Connolly’s antihero, former cop turned private detective Charlie Parker, continues his fight against the forces of darkness in this supernatural thriller.
Parker isn’t so much a man on a mission as one whose missions find him, much like a stray dog following home a schoolboy. And although he doesn’t go looking for trouble, he’s not averse to taking it on, even if it comes to the Backers, a shadowy group that supports what Parker and his confederates believe to be a movement of fallen angels expelled from the heavens and capable of evil in unimaginable proportions. The former angels take on many forms and corrupt the corruptible among men by promising their hearts’ desires, foremost of which are success and power. Parker becomes entangled with these forces one more time when two individuals at a local bar offer a strange tale about a plane crashed deep in the Maine woods, a bizarre and frightening child that haunts it, and a list of names that might shine a light on some of the dark forces moving about. Parker soon finds himself searching for the rest of that list with the help, and hindrance, of an unlikely ally, as well as a frightening competitor who is contemplating putting Parker and his sweetly homicidal buddies, Louis and Angel, on his to-do list. Add in a once beautiful but now ruined woman with a heart as black as the woods and a child that isn’t a child, and the author sets the stage for another one of Parker’s adventures into otherworldly events. Connolly’s Parker is wry, and the writing is particularly engaging when he brings Louis and Angel into the picture. This story inspires both a shudder or 20 and the vaguely realized idea that as far out as Connolly’s stories can sometimes be, there is always the possibility that he could be onto something. And, if he is, then we’re all in a whole lot of trouble.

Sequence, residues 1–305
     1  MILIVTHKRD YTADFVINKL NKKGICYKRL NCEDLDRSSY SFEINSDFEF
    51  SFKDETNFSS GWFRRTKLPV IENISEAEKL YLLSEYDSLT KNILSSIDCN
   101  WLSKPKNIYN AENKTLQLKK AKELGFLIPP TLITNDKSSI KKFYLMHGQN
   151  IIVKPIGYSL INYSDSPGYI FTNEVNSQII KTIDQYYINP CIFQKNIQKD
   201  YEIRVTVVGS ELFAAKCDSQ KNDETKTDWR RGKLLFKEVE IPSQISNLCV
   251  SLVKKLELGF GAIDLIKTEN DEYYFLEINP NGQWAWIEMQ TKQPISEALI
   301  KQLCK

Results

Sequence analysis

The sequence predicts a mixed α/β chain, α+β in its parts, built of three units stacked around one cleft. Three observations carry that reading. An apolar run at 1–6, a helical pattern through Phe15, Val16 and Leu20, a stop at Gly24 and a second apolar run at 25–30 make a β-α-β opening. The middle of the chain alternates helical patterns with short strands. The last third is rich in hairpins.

Connolly’s Parker remains an interesting character, but Connolly's books are infinitely more enjoyable when he refrains from political moralizing.